In an incredible twist of fate, this round-up isn’t too late! Now, that comes with the caveat that I completely missed December’s, but that was because I had a lot to do. If you don’t know, I went to Japan and watched a lot of wrestling, can’t remember if I mentioned it anywhere. A decent amount of said wrestling makes this list, so let’s get on with it.
The two Maki matches on this list (which nicely come one after the other, it’s almost like I planned it that way) can be treated as two halves of the same story. This was the half in which poor Natsumi got taught a lesson, as Miyu took her apart with a lethal display. Maki showed all the heart in the world, but Yamashita was just too good, and this was an incredible example of two wrestlers playing their roles to perfection.
Meanwhile, this was the first half of that pairing and the one that saw Natsumi return from injury to face her close friend Sareee. Much like in the second half, she would lose, but this was a much more competitive affair. While it was still stiff and hard-hitting, it was also wrestled in friendship, with two people pushing each other to do better rather than one trying to punish the other. The reason it pips the Miyu one in this list? I was there live. Simple as that.
After an epic first reign where he held the title for over a year, Kiyomiya finally fell to the veteran Go Shiozaki. There was no shame in it, however, and it could be argued he had the best match of his run at the end. These two went to war, Kaito trying to take out Go’s arm, but the big man proving to be too powerful and battling through the pain. Exciting things are going down in NOAH, and if they keep delivering matches like this, they’ll keep coming.
The year started with two big fuckers beating the living shit out of each other. By the end, Hino was bleeding from his eye, but it did nothing to lower the intensity. If you like to watch bombs being thrown, then this is the match for you.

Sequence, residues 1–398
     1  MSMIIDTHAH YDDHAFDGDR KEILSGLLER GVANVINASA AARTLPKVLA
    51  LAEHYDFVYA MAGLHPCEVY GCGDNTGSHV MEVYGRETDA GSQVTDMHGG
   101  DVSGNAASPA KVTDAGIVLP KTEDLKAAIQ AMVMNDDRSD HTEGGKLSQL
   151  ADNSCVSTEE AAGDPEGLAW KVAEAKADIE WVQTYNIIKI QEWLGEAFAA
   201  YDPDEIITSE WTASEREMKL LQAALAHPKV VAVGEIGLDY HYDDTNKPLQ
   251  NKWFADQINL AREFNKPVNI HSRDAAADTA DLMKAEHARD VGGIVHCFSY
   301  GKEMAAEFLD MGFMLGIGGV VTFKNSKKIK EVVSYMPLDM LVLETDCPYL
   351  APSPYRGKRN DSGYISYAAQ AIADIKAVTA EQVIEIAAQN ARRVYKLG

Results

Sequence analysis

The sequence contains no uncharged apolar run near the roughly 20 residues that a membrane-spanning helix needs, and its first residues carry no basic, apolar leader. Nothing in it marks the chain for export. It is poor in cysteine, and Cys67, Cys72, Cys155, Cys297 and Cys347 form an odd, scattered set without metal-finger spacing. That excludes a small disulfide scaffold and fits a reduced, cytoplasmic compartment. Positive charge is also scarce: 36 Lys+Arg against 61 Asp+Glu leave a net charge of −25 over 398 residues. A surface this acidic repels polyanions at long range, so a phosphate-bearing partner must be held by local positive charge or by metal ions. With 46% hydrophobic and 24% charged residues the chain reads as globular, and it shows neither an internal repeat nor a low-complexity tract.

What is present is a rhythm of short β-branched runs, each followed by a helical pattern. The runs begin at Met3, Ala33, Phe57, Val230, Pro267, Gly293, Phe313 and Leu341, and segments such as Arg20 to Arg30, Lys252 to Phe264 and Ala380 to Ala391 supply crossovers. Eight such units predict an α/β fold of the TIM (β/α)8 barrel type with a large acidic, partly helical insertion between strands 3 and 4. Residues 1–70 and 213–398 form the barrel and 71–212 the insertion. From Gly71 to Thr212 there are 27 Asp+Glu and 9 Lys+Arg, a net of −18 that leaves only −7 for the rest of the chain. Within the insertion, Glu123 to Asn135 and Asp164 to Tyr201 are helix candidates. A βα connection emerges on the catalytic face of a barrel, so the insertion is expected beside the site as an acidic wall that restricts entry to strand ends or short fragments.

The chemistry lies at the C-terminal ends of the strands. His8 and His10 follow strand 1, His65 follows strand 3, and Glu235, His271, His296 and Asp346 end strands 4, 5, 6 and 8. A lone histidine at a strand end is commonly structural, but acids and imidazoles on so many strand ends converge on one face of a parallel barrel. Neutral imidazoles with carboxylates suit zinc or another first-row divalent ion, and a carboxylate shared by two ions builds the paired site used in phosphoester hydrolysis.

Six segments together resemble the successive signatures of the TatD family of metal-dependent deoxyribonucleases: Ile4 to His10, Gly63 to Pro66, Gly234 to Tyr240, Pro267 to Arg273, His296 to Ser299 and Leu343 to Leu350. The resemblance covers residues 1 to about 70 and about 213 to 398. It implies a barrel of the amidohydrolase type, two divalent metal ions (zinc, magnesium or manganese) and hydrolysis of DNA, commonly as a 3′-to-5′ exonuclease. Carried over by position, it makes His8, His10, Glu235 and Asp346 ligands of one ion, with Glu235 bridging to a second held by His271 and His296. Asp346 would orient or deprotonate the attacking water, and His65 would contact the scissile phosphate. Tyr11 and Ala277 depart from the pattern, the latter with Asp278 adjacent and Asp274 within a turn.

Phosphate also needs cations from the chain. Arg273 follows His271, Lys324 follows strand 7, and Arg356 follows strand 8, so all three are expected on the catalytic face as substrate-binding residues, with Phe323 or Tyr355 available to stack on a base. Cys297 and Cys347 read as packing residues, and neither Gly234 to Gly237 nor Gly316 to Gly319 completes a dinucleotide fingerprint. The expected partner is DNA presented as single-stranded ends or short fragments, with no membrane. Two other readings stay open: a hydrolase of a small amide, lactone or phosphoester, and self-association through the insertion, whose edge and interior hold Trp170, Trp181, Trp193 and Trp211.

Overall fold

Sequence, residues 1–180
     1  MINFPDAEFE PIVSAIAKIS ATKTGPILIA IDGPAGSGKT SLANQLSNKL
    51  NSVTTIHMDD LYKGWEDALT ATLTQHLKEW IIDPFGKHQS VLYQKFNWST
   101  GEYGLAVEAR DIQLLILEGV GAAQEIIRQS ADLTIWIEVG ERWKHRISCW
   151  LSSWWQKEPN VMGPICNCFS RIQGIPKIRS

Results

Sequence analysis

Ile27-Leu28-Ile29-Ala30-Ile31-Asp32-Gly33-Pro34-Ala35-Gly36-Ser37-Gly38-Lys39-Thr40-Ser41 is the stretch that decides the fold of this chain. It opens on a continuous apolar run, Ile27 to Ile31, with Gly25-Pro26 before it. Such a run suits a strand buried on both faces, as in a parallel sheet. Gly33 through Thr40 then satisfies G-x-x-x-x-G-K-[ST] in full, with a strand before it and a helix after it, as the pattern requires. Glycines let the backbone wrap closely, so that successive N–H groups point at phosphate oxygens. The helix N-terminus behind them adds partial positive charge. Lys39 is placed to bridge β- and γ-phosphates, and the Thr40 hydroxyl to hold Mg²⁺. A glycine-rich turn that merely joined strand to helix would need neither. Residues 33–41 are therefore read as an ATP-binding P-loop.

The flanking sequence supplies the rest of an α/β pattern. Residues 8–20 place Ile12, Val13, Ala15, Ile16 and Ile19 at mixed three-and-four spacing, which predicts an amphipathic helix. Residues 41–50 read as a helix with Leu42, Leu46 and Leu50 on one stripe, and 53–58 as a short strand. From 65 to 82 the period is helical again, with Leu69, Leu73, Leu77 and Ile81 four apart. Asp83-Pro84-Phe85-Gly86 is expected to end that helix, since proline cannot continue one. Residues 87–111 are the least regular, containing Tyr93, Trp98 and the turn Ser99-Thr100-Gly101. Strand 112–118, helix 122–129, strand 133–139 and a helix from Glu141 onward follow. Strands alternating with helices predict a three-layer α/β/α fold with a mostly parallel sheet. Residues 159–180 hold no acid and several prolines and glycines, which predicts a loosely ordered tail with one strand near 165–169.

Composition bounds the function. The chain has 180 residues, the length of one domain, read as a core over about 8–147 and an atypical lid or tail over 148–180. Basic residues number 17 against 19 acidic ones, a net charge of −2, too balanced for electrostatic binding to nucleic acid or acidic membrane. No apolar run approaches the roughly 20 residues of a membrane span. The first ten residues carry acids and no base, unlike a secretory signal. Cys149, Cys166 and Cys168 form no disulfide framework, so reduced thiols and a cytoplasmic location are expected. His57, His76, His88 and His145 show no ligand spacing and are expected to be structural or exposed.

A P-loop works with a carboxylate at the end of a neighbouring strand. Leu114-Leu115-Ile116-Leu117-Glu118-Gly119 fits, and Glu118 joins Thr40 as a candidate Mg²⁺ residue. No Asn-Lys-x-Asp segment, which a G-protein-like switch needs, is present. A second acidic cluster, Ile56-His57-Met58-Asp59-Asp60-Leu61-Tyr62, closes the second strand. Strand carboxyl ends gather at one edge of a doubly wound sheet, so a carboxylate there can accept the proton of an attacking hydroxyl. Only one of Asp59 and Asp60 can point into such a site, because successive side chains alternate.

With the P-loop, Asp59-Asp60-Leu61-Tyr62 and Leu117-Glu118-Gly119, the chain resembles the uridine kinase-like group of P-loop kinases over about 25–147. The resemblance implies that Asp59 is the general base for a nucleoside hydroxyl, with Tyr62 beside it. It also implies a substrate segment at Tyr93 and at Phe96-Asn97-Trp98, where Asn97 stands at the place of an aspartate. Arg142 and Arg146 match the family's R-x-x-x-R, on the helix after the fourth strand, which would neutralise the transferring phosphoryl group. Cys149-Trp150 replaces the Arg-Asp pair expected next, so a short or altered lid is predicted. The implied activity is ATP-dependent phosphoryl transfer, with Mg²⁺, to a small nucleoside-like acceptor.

The chaotic genius of Mayu Iwatani vs the drilled brilliance of Momo Watanabe. There is a strong argument to be made that this is the biggest main event Stardom can put out, and that is backed-up by the standing room only Korakuen that watched on. Unsurprisingly, they dazzled under the spotlight, pulling off my favourite moment of the year so far when Mayu leapt back into a Poison Rana. This won’t be the last time we see this match, and on this evidence, that’s a good thing.
I’m still not quite sure what this was. What I do know is that it perfectly walked the line between wild fever dream and outright disaster as Brookes and Matsumoto put together something that was one part farce, one part horror. There is a good chance that we won’t see something like this again, but then again with what goes on in Miyacoco’s head, I wouldn’t bet against her topping it.
Isn’t it nice to have Hiromu back? He wandered out for his first singles match post-injury at Wrestle Kingdom and very quickly made it clear he hadn’t missed a step. People talk about Will being everyone’s best opponent, but Takahashi is his, as he brings the inventive streak out of Ospreay, pushing him to put together a death-defying showcase of everything they can do. Welcome back, Hiromu. I missed you.
You can throw two random wrestlers from any promotion in the world into a ring, and they can have a great match. However, for me to love it. For me to hang on every moment and burst into tears when the bell goes, I need that emotional hook. This was a match all about the emotional hook as Kagetsu said goodbye to Stardom, going out being what she’s always been, brilliant. Fuck, I’m going to miss her, but I’m so glad I got to see her before she went.
The sound of Kota Ibushi’s fist thudding into Okada echoed around the Tokyo Dome. In an arena that struggles to retain sound, that is quite the achievement. It was also the moment where Kota snapped, unleashing on his opponent in a frenzy of vicious blows and sparking the flame that turned this from a good main event into a legendary one.
It was never going to be anything else, was it? The moment where Naito finally did it, defeating Okada in the main event of the Tokyo Dome and getting that monkey off his back, is one that will stay with me for, well, ever. It was the culmination of a lifetime’s work and came after a match that had the Tokyo Dome hanging on every near fall. It was wrestling at its best, and I still can’t quite believe I was there.